Web App Failures Dont Take Holidays

 
 
By Peter Coffee  |  Posted 2005-11-14 Email Print this article Print
 
 
 
 
 
 
 

Opinion: Online shopping season demands maximum awareness of what's not working.

Take rising gas prices, add ubiquitous broadband connections, garnish lightly with fear of crowded malls that might harbor avian flu or terrorist bombers--and you have the makings of a vigorous online shopping season that begins, oh, right about now. This is therefore an excellent time to make sure that your instrumentation of site performance and function is ready to get you through the coming crunch.
Shoppers no longer consider online access to be a mere amenity, let alone an intriguing novelty. They want a reliable, convenient, reliable, understandable, reliable, efficient online experience. Did I mention that they want online shopping sites to be reliable as well?
Study results released today by TeaLeaf Technology Inc. show that customers who encounter problems in completing an online transaction are likely, one out of three, to go elsewhere rather than try again -- and almost nine out of 10 report encountering such problems. And you cant afford to disappoint this years online shoppers. JupiterResearch projects online holiday sales rising 18 percent from last year to an estimated $26 billion, while established online shoppers may increase their activity by more like 25 percent. Wouldnt it be a shame if your site were one of the ones that savvy online shoppers told their friends to avoid as a waste of time? This is the time of year when an online site simply has to get it right. WebTrends finds Internet-only retailers heavily represented among sales outlets that get 25 to 50 percent of their annual revenues during the holiday period. Miss this season, and youve left far too much money on the table.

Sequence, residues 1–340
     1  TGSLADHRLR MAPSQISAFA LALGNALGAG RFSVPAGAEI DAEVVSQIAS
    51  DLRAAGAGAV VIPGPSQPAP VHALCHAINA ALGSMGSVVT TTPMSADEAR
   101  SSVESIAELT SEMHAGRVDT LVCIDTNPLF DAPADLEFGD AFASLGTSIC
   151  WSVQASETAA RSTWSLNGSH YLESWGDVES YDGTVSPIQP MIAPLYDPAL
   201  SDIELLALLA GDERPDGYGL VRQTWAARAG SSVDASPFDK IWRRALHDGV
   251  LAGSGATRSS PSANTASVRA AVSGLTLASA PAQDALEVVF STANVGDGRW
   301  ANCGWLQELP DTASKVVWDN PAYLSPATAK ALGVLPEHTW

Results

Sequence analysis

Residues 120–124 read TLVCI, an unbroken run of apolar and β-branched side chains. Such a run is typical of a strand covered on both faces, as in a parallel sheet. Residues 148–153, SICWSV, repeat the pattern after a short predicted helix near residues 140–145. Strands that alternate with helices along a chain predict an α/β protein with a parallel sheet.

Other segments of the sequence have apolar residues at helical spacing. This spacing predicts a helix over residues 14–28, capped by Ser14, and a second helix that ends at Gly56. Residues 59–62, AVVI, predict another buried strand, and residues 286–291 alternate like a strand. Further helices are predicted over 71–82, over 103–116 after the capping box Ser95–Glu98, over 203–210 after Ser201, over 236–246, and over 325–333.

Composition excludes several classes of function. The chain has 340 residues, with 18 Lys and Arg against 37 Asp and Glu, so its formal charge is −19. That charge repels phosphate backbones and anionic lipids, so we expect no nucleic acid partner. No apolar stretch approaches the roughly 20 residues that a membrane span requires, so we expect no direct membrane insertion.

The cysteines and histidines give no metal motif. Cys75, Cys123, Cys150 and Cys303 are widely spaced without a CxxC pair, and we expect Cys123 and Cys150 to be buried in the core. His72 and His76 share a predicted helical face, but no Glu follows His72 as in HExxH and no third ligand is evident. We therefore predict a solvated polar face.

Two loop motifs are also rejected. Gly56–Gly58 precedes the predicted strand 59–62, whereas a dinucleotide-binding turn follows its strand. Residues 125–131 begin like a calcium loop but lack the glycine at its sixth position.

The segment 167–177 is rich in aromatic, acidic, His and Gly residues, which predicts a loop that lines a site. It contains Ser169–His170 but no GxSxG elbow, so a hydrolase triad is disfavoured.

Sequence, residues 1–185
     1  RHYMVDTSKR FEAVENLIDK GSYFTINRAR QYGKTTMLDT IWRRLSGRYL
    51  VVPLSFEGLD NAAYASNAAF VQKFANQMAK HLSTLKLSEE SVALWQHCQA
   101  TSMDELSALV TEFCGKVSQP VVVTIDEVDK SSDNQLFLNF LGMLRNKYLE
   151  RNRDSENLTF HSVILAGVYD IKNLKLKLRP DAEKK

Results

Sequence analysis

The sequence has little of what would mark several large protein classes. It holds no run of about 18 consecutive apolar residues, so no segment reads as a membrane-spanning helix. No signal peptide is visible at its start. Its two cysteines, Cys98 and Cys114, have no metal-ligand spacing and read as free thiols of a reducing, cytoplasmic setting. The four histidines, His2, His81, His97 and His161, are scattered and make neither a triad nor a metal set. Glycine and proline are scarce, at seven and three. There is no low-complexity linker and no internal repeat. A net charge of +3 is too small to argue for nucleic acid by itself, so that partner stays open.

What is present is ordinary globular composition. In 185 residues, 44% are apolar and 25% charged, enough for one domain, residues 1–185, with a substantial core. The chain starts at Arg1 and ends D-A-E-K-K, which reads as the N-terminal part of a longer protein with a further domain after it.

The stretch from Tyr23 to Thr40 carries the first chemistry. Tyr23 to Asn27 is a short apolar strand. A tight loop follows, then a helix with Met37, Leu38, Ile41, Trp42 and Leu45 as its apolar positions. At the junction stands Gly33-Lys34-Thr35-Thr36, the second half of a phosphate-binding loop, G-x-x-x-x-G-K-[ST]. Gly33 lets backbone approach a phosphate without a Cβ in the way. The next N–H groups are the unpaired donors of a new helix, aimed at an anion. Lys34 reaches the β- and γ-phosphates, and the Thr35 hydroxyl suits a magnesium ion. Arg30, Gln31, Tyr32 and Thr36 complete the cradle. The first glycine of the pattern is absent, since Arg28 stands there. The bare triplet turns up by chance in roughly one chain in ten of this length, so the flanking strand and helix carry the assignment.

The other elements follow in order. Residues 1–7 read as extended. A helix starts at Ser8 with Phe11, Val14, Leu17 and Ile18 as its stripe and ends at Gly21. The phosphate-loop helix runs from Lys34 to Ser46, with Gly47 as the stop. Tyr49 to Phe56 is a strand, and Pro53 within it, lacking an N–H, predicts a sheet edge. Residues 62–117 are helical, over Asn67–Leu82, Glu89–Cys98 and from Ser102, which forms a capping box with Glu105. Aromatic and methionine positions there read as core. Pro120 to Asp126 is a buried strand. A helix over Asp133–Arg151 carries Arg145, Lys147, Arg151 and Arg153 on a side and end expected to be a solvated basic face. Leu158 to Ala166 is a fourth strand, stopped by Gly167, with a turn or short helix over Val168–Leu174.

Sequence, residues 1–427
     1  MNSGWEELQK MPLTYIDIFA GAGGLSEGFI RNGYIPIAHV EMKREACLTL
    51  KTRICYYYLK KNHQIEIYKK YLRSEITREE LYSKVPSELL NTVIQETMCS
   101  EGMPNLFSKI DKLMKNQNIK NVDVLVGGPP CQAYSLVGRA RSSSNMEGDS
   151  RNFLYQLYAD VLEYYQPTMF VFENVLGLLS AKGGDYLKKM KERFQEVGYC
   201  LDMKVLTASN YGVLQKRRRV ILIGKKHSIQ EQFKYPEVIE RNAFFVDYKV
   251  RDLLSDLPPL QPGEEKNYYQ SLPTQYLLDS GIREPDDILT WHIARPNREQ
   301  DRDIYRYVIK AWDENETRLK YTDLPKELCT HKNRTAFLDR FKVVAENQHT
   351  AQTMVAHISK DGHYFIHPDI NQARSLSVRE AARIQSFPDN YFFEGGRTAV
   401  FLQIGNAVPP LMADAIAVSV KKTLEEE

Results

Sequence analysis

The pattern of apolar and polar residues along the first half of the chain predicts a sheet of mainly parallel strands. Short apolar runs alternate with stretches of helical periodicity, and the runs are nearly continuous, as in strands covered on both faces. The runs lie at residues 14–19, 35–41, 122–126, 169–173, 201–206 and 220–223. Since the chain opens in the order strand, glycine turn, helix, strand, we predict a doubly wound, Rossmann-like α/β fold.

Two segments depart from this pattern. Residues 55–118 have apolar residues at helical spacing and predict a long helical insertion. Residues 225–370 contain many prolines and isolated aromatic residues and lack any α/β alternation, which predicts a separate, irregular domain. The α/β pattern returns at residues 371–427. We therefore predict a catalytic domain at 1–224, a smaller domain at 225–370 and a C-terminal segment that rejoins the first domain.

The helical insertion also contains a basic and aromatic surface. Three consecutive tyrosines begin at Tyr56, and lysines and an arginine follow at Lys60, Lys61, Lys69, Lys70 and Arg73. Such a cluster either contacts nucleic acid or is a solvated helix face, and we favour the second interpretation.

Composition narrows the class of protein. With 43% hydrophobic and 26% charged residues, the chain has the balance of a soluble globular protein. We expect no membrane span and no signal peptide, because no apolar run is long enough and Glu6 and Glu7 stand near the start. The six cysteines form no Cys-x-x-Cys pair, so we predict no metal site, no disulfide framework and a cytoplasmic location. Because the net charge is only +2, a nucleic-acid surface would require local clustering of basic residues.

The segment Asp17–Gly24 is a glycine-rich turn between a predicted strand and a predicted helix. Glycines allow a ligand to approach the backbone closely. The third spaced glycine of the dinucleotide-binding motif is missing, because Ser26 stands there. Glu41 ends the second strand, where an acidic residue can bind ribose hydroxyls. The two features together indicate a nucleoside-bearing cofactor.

Its vital, therefore, not to confuse inward-looking measures such as server uptime with outward-facing measures of customer ease in completing transactions. As Ive previously observed, statistical measures can be misleading and incomplete: Network managers and site administrators commonly learn about problems not from automated tools, but from disgruntled users. Not surprisingly, study sponsor TeaLeaf offers end-to-end process measurement and reporting technology in its RealiTea lineup; also worth your attention is this past years eWEEK Excellence winner in IT Quality Assurance, Mercury Business Process Testing from the momentarily scandalized Mercury Interactive. Tell me what you wish you knew to measure at peter_coffee@ziffdavis.com Check out eWEEK.coms for the latest news, reviews and analysis in Web services.
 
 
 
 
Peter Coffee is Director of Platform Research at salesforce.com, where he serves as a liaison with the developer community to define the opportunity and clarify developers' technical requirements on the company's evolving Apex Platform. Peter previously spent 18 years with eWEEK (formerly PC Week), the national news magazine of enterprise technology practice, where he reviewed software development tools and methods and wrote regular columns on emerging technologies and professional community issues.Before he began writing full-time in 1989, Peter spent eleven years in technical and management positions at Exxon and The Aerospace Corporation, including management of the latter company's first desktop computing planning team and applied research in applications of artificial intelligence techniques. He holds an engineering degree from MIT and an MBA from Pepperdine University, he has held teaching appointments in computer science, business analytics and information systems management at Pepperdine, UCLA, and Chapman College.
 
 
 
 
 
 
 

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